The University of Massachusetts Amherst
HFA - College of Humanities & Fine Arts view HFA submenu
Section Menu

Asheesh Kapur Siddique

Assistant Professor of History

asiddique@umass.edu

(413) 545-5677

Personal Website


Herter 604

Asheesh Kapur Siddique is an assistant professor in the Department of History at UMass Amherst. He is a historian of early America, early modern Europe, and the British empire whose research and pedagogy explores the role of collecting, managing, and using knowledge to the history of state formation and governance. 

Professor Siddique is completing a book, tentatively entitled Rule Through Paper: Archive and Language in the Governance of the British Empire, which explores the relationship between archival and linguistic knowledge as tools of governance in the British empire in both the Atlantic and Indian Ocean worlds in the seventeenth and eighteenth centuries. The book compares how imperial bureaucrats deployed these different tools in the British Atlantic world and in British Asia; and explains why archives gradually came to be seen as repositories of ‘historical’ knowledge rather than resources for ‘administration.' Other ongoing projects examine the history of 'early American' history writing; the concept of textual 'intention' in legal and political thought; and the intertwined histories of financial capitalism and American higher education. 

Professor Siddique was trained at Columbia University (PhD, 2016), the University of Oxford (MPhil, 2009), and Princeton University (AB, 2007). From 2016-2018, he was a Provost’s Postdoctoral Fellow in the Society of Fellows in the Humanities at the University of Southern California. From 2018-2019, he was a Visiting Postdoctoral Fellow at the Center for Humanities & Information at Penn State University. His research has been supported by institutions such as the American Philosophical Society, the Huntington Library, the Omohundro Institute of Early American History & Culture, and the Social Science Research Council. His 2020 article in the William & Mary Quarterly on archival knowledge and the development of political economy was awarded the Society for U.S. Intellectual History's 2020 Dorothy Ross Article Prize for "best article in U.S. intellectual history" by "an emerging scholar." He has also written for public facing outlets such as The Daily BeastInside Higher Ed, and Teen Vogue. During the 2021-2022 academic year, he will be on leave while holding an Andrew W. Mellon Fellowship for Assistant Professors in the School of Historical Studies at the Institute for Advanced Study.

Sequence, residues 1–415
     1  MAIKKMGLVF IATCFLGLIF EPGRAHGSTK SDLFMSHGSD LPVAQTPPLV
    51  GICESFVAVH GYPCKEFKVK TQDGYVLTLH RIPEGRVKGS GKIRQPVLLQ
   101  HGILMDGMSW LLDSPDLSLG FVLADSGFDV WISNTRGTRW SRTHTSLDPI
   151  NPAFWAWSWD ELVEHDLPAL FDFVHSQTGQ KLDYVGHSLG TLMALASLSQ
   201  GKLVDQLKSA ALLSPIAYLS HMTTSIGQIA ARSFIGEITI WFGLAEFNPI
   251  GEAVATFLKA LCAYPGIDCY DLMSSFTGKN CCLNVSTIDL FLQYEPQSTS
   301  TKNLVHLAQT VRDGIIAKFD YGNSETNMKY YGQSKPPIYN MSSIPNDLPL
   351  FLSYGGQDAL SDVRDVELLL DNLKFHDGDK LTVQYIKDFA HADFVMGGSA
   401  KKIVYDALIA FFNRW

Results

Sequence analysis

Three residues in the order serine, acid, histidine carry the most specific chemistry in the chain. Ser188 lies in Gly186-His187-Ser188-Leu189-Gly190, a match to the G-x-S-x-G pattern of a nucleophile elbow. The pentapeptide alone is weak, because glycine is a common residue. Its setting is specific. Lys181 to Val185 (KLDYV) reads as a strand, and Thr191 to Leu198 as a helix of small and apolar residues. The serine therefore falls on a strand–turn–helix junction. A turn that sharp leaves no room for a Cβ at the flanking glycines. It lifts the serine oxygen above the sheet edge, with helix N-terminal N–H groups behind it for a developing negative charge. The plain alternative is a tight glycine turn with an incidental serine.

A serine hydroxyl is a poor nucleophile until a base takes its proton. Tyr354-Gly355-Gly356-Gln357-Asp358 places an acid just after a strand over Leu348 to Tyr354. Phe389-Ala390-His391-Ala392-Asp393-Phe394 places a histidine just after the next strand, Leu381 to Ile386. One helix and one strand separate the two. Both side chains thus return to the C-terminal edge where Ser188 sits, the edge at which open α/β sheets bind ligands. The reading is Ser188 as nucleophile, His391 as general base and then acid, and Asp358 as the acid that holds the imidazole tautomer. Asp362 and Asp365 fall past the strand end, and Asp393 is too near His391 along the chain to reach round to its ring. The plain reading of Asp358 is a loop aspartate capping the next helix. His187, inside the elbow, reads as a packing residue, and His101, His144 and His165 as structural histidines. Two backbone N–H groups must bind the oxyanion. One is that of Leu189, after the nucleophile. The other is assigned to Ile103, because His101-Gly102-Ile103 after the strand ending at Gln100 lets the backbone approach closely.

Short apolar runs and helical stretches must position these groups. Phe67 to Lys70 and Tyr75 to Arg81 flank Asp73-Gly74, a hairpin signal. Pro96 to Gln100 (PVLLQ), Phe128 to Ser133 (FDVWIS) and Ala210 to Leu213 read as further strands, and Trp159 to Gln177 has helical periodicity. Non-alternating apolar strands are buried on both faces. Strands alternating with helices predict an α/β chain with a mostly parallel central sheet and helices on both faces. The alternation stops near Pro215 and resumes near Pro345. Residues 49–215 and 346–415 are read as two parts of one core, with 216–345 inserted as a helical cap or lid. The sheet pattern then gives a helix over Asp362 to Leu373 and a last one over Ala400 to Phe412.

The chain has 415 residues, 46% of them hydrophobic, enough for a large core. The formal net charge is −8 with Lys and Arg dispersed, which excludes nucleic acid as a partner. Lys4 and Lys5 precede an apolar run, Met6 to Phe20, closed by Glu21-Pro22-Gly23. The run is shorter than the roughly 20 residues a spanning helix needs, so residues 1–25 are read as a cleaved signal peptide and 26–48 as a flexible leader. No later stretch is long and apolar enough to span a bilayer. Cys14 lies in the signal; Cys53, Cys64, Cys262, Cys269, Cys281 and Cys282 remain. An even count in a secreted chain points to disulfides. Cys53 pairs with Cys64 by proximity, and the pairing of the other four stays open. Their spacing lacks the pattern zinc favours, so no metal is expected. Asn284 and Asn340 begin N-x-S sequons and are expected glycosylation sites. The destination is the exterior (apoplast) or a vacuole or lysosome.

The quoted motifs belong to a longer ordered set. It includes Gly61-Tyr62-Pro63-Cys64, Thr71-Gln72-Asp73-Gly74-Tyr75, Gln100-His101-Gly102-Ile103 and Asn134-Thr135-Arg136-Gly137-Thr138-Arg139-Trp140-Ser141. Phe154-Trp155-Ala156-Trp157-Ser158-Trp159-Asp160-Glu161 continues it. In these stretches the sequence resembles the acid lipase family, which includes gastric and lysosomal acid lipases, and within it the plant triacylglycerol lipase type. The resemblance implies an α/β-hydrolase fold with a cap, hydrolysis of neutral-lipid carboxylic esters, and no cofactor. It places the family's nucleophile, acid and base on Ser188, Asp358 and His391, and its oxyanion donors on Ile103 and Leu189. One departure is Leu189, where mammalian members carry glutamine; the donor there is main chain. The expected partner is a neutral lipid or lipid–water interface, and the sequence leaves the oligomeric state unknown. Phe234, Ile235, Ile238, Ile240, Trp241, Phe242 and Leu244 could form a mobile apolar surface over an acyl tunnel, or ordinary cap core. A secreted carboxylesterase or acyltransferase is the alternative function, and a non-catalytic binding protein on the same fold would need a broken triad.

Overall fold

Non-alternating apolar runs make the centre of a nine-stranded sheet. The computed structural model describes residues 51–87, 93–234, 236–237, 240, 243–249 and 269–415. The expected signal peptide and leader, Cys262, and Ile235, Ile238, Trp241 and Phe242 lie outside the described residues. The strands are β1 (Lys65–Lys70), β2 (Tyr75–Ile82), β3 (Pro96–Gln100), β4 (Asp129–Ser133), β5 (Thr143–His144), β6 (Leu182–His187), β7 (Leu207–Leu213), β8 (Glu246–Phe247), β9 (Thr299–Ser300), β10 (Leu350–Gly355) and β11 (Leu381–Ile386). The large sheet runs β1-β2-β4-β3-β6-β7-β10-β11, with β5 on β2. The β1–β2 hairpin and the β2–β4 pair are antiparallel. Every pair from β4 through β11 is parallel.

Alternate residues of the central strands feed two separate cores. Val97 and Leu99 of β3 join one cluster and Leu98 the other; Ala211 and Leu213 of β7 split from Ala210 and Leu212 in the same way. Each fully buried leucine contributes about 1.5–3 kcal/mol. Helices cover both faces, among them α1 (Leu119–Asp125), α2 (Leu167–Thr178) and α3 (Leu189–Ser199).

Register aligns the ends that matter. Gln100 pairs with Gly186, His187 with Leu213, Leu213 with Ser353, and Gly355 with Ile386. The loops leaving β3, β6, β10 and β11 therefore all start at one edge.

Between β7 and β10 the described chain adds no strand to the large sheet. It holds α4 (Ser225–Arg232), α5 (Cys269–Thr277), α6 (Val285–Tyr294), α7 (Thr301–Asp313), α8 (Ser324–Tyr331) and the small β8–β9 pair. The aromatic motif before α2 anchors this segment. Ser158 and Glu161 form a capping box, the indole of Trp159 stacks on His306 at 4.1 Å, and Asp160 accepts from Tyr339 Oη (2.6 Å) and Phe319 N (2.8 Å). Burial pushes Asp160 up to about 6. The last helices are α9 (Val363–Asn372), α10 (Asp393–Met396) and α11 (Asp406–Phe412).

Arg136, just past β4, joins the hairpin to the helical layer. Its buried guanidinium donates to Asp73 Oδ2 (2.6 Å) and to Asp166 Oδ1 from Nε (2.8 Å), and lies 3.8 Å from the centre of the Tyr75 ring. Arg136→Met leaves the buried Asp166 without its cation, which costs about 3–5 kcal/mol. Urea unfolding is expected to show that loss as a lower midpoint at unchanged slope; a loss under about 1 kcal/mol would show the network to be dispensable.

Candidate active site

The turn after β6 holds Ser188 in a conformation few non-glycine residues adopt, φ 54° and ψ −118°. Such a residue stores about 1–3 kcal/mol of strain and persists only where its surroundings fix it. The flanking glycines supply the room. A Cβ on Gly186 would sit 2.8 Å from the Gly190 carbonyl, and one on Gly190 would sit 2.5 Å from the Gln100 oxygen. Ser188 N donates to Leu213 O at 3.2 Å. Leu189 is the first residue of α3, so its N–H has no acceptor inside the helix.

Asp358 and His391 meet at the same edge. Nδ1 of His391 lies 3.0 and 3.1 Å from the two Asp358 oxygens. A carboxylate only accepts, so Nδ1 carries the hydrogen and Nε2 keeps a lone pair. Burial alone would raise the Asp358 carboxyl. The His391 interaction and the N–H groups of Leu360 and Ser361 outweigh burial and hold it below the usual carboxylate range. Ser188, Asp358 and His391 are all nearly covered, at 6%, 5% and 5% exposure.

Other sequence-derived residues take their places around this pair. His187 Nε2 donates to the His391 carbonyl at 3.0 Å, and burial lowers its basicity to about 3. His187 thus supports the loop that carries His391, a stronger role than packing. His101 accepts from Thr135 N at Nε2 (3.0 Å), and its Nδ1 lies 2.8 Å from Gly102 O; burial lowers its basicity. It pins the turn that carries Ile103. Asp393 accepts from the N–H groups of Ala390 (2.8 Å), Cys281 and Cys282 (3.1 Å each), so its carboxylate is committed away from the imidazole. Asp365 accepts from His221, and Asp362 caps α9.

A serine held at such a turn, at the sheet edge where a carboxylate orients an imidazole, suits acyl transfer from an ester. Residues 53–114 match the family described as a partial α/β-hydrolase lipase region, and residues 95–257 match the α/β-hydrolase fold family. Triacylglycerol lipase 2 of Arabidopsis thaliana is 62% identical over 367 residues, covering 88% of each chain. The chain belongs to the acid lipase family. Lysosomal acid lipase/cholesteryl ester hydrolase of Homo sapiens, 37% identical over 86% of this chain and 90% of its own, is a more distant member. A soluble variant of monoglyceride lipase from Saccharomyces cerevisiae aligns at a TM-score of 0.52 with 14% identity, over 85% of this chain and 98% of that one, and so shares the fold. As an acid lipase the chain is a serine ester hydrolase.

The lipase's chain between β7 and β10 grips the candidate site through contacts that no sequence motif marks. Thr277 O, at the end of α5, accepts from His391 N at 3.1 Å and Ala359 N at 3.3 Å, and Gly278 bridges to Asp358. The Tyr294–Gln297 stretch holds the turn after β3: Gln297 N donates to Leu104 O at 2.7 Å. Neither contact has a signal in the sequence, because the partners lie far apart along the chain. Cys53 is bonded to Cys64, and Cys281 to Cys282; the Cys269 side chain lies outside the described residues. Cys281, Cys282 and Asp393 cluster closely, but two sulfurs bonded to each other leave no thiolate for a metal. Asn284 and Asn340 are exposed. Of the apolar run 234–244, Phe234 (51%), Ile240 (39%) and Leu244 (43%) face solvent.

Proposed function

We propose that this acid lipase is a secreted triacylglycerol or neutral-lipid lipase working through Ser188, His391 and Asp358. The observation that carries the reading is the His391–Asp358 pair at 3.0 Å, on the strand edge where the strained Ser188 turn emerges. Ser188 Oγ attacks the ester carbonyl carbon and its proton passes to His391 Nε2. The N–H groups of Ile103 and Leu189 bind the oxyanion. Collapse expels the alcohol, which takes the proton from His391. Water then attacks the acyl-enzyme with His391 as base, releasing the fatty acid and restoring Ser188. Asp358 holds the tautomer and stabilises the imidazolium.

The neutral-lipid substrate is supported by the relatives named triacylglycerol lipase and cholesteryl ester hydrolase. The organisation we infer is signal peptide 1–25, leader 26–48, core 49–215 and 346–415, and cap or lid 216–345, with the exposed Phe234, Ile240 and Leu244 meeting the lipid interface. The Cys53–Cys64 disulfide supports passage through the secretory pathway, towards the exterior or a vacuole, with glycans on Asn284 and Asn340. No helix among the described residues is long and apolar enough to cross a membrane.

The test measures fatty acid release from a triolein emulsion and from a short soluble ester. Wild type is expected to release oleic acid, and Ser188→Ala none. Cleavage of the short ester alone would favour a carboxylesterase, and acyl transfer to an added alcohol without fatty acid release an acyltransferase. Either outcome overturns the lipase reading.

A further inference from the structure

At UMass Amherst, Professor Siddique's courses have covered subjects such as the American Revolution; early American thought and culture; the making of American capitalism from 1492 to the present; the early modern Atlantic world; and the history of the corporation. Future courses will examine topics such as the history of the early modern British empire and the history of data. 

Twitter: @AsheeshKSi

Personal website: asheeshks.org 

Research Areas

Early America
Atlantic World
British Empire
Early Modern Europe
History of the Book / History of Media
Political History
Legal History
History of Political Thought

Publications

For a complete listing with links and DOI, please see https://orcid.org/0000-0002-8779-4805

"How Does Paper Mean?," Modern Intellectual History, forthcoming.

“The Archival Epistemology of Political Economy in the Early Modern British Atlantic World," William & Mary Quarterly 3rd ser., 77, no. 4 (October 2020), 641-674.

"Governance Through Documents: The Board of Trade, Its Archive, and the Imperial Constitution of the Eighteenth Century British Atlantic,” Journal of British Studies 59.2 (April 2020), 264-290.

"From Formal Circulation to Archival Use: The Remark Book and the Admiralty Archive in the British Empire, 1759-1819," in Maria-Pia Donato and Anne Saada (eds.), Pratiques d’archives à l’époque moderne: Europe, mondes coloniaux (Paris: Classiques Garnier, 2019), 369-390.

"Mobilizing the 'State Papers' of Empire: John Bruce, Early Modernity, and the Bureaucratic Archives of Britain," Journal of Early Modern History 22.5 (October 2018), 392-410.

Courses Recently Taught

Undergraduate Courses:
American Thought & Culture, I: 1630-1865
The Craft of History
Early America in an Age of Revolution
The Corporation in History